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Psychological portrait of Yanis Varoufakis

08 July 2015 / 16:07:31  GRReporter
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The portrait is by Christos Liapis, PhD in psychiatry at the University of Athens.

I intended to write about Minister of Finance Yanis Varoufakis anyway, even if the tragic consequences of capital controls on our society and economy had not occurred, as the case of pathological narcissism, which is my specialty, and generally, its presence and the political moves due to it are full of behavioural data that are typical of the Hubris Syndrome (extreme pride). This syndrome falls in the field of studies in terms of which I am cooperating with the Psychiatric Clinic at Tufts University and Professor Nassir Ghaemi.

The Professor is the author of the bestseller "A First-Rate Madness" that explores the relationship between the psychiatric pathology and the exercise of high-level power. Together with Lord Owen (former Foreign Secretary of Great Britain, a psychiatrist by training), who has also scored a considerable success with his books "The Hubris Syndrome" and "In Sickness and In Power", they are pioneers in the interdisciplinary area of ​​"political psychiatry" and "psychology of history".

Lord Owen was the first to introduce in the psychiatric classification of diseases, but also in social and political sciences, a new psychiatric phenomenon called the Hubris Syndrome, borrowing the term from the ancient Greek language in which going beyond limits as well as the arrogance and negligence towards the divine and human laws is called hubris. According to Lord Owen, many leaders, including Margaret Thatcher, Tony Blair and George Bush Jr., suffer from that syndrome and it is directly linked to the exercise of power.

Of course, the manifestations and consequences of the syndrome are not found only in the field of policy but occur in other areas of power exercising (e.g. administrative, military, economic and other types of power). Lord Owen presents the economic crisis that has hit Europe in recent years, and particularly Greece and the pictures of the past days that are characteristic of the third world countries, as consequences of the haughty and arrogant behaviour and of the weak connection with reality of a number of senior managers, executives and managers of international financial institutions. Such an approach would certainly be very interesting if we tried to see if the political leaders who had led our country to the chaos of international supervision, austerity, and suffocating capital controls in recent days were under the influence of Hubris Syndrome and to what extent.

Certainly, Yanis Varoufakis is a politician who fully corresponds to the diagnostic criteria for narcissistic personality disorder and the Hubris Syndrome, to the extent to which they overlap. In particular, he

• has too much confidence in his own judgment and ignores other people’s advice and criticism,

• has great self-confidence, to the extent of omnipotence, with regard to what he is able to achieve alone,

• has lost touch with reality, combined with his gradual isolation,

• has demonstrated (and continues to demonstrate) what Lord Owen calls "Hubristic incompetence", when things started to go wrong and Greece’s partners showed that they would not succumb and would be ready to bring the negotiations to the extreme grexit and graccident. This happened because of his excessive self-confidence, which drives him to mot pay attention to details in the practical application of his policy which is correct in some of its theoretical formulations,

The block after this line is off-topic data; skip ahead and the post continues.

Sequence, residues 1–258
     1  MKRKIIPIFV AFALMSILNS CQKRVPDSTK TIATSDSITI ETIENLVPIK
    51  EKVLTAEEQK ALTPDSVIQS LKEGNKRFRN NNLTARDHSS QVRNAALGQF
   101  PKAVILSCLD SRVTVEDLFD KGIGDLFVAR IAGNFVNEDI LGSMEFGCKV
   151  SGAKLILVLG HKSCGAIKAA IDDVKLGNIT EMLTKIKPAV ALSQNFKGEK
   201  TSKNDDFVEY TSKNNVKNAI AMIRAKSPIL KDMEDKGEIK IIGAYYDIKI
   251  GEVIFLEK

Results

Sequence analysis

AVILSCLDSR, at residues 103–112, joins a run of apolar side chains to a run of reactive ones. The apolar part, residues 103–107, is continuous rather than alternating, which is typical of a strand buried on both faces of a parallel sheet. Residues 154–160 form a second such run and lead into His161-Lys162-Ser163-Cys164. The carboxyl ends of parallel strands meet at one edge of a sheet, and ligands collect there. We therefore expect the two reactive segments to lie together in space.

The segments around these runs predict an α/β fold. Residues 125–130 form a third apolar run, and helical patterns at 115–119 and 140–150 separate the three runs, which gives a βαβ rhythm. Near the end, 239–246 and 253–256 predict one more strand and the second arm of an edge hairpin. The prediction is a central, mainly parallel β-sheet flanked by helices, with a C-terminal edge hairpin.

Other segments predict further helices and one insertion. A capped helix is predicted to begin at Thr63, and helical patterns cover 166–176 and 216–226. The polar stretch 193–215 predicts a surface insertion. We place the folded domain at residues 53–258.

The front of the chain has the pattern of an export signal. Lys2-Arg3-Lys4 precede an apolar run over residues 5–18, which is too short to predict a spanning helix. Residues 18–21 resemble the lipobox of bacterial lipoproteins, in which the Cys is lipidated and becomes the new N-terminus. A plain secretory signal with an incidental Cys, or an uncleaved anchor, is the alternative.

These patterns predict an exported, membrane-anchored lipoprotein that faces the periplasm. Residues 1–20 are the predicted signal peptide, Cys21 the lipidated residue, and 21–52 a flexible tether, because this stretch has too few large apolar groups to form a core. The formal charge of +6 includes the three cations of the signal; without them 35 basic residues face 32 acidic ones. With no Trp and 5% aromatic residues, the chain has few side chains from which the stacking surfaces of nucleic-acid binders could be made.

• has demonstrated the typical triptych of the Hubris Syndrome, namely excessive activity (trips, conferences, statements, interviews, etc.), inattention and impulsivity, which have eventually led to the closure of banks,

• perceives the whole world from a narcissistic viewpoint, as a phantasmagorical arena where he can exercise power and pursue fame.

• is greatly interested in his outer appearance and presentation (reference: the raised collars of his jackets and his strange shirts).

• is often inclined to speak of himself in the third person or to use the royal "we".

• believes that he is not subject to criticism on the part of his trivial colleagues or the boring public opinion, and that history is his only competent judge.

• shows an inclination for ignoring the practical details, costs and results to support his original idea.

• is characterised by a diffuse pattern of greatness (in imagination and/or behaviour), with a strong need for admiration and lack of empathy (i.e. the ability to put himself in the place of the other, for example the unhappy pensioners at ATMs or his other 18 colleagues in the Eurogroup).

• considers himself too important (e.g. exaggerates his achievements and talents, expecting to be recognized as superior without relevant achievements).

• allows fantasies of unlimited success, power, glamour, beauty or ideal love to occupy his attention.

• believes he is "special" and unique and only other "special" or unique individuals or institutions can understand him or establish contact with him.

• has absurd requirements for especially favourable treatment or default compliance with his expectations (in terms of this criterion, they are identical with president of parliament Zoe Konstantopoulou).

• uses others to achieve his goals, which are nothing more than a lucrative career as an international lecturer and bestselling author of graccident. Therefore, he does not hesitate to turn Greece into Argentina.

Of course, data for theatrical personality disorder should be added to the criteria previously described, as the already former minister

• seemingly does not feel well in situations in which he is not in the limelight,

Tags: Yanis VaroufakisPsychological portraitHubris Syndrome
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